The government has today (12 September 2013) launched a new discretionary compensation package for property owners affected by the proposed London to Birmingham high-speed rail line.
An earlier set of proposals had to be disregarded after the process used to determine them was ruled illegal following a Judicial Review brought by opponents of HS2.
Many of those affected by HS2 have been shocked by the extremely limited scope of the statutory compensation code.
Apart from those whose properties are needed for the construction and operation of the line, compensation claims for loss of value caused by the physical effects of the line – noise, vibration and pollution – cannot be made until one year after the line becomes operational.
However, given the scale and longevity of the HS2 project and its impact on local property markets, the government knows that it has to offer much more to those affected.
At the same time, it cannot spread the compensation net too far as that would be unfair to tax payers and lead to an escalation in costs.
Although the latest package contains many of the government’s original measures, a number of new proposals – including a property bond and sale-and-rent-back option – are included.
A consultation on the proposed compensation package closes on 4 December 2013 and the government hopes to have the new measures in place by summer 2014.
The proposed compensation schemes are listed below, along with some comments from James Del Mar, Head of Knight Frank’s HS2 Property team.
Although, as James points out: “Until the results of the consultation are known it is impossible to advise those affected as to which scheme might be right for them.”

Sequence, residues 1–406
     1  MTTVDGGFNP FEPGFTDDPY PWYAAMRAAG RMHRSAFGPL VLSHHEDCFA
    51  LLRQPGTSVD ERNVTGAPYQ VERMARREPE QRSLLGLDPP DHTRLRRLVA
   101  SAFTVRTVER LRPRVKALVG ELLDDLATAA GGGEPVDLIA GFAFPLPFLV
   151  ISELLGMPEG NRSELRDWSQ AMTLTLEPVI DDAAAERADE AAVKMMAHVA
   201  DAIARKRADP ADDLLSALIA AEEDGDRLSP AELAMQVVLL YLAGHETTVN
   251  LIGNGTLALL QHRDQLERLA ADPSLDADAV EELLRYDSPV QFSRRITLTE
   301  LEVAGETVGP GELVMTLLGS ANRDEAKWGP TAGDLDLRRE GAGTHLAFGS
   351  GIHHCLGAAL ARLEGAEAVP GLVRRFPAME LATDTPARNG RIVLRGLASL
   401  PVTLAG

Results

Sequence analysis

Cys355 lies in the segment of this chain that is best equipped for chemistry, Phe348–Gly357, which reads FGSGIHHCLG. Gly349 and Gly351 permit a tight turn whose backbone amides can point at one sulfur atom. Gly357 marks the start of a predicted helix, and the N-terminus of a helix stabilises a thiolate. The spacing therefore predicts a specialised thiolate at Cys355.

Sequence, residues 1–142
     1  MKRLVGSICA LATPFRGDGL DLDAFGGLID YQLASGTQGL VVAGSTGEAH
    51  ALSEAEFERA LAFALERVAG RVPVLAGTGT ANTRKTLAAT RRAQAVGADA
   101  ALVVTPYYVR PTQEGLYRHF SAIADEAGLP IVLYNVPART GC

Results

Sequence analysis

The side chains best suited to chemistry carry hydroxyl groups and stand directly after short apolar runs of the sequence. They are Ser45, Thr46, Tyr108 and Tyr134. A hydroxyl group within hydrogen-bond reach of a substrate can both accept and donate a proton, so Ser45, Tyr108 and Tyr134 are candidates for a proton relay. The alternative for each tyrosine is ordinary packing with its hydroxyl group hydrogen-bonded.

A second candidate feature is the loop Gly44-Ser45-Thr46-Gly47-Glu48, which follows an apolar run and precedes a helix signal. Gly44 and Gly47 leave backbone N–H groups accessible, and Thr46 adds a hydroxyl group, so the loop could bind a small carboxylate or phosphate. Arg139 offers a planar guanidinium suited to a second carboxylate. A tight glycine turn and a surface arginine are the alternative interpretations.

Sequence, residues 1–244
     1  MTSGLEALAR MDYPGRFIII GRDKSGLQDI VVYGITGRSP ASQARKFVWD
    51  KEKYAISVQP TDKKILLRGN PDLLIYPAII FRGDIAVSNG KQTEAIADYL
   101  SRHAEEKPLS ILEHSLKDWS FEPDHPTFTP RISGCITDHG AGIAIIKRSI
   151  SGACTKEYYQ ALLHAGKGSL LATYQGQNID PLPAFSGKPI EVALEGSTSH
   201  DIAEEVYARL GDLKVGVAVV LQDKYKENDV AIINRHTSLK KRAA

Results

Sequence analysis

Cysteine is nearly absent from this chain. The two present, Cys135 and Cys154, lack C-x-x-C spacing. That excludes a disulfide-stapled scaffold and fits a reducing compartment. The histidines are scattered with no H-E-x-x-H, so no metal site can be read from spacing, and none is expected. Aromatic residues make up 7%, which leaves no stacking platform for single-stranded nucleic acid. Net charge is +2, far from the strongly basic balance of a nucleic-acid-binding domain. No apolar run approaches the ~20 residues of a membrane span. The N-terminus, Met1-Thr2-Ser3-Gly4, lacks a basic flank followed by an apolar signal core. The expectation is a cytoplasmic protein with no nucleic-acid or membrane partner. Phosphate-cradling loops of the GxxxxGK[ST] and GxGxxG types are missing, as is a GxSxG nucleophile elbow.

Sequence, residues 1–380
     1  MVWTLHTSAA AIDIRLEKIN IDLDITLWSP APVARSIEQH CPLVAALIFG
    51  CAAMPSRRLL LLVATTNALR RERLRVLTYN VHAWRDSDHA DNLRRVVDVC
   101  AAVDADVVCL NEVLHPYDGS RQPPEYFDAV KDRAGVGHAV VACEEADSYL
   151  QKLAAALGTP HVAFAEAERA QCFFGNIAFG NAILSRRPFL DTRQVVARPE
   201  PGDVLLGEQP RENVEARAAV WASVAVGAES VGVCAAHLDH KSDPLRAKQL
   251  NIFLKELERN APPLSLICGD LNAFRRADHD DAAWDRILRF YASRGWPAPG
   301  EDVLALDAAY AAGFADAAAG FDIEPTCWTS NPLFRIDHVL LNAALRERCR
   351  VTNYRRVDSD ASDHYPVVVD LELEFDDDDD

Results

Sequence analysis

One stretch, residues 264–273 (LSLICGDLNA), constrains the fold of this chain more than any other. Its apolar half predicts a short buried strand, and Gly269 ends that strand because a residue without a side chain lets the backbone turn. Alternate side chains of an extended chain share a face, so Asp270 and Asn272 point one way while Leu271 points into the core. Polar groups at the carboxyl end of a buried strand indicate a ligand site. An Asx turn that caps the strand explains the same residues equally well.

Properties within the Safeguarding Zone (generally 60m either side of the centre of the track)
The government says the owners of properties that are wholly within the Safeguarding Zone, but not generally above a tunnel, will be able to serve a Blight Notice regardless of whether the property is needed for the construction or operation of the railway. They will also not need to “demonstrate reasonable endeavours” to sell their property.
Compensation will include the full un-blighted value of the property, reasonable moving costs and a Home Loss Payment (10% of the property’s value up to £47,000).
JDM: This slight loosening of the official Statutory Blight regulations will make it easier for those wishing to make a claim. For those with property partially within the Safeguarding Zone the government has said it will consider applications on a case-by-case basis.
Sale-and-rent-back scheme proposal
This would operate using a bespoke tenancy agreement and be available to those eligible to serve a Statutory Blight notice and whose homes need to be demolished to build and operate HS2. In addition to the un-blighted value of their homes, successful applicants would receive a home-loss payment and reasonable moving costs at the end of the tenancy.
However, the government says any applications would need to pass a “value for money test”. This, for example, might not be the case if a substantial sum of money was required to bring a home up to the minimum legal letting requirements; only for it to be demolished later.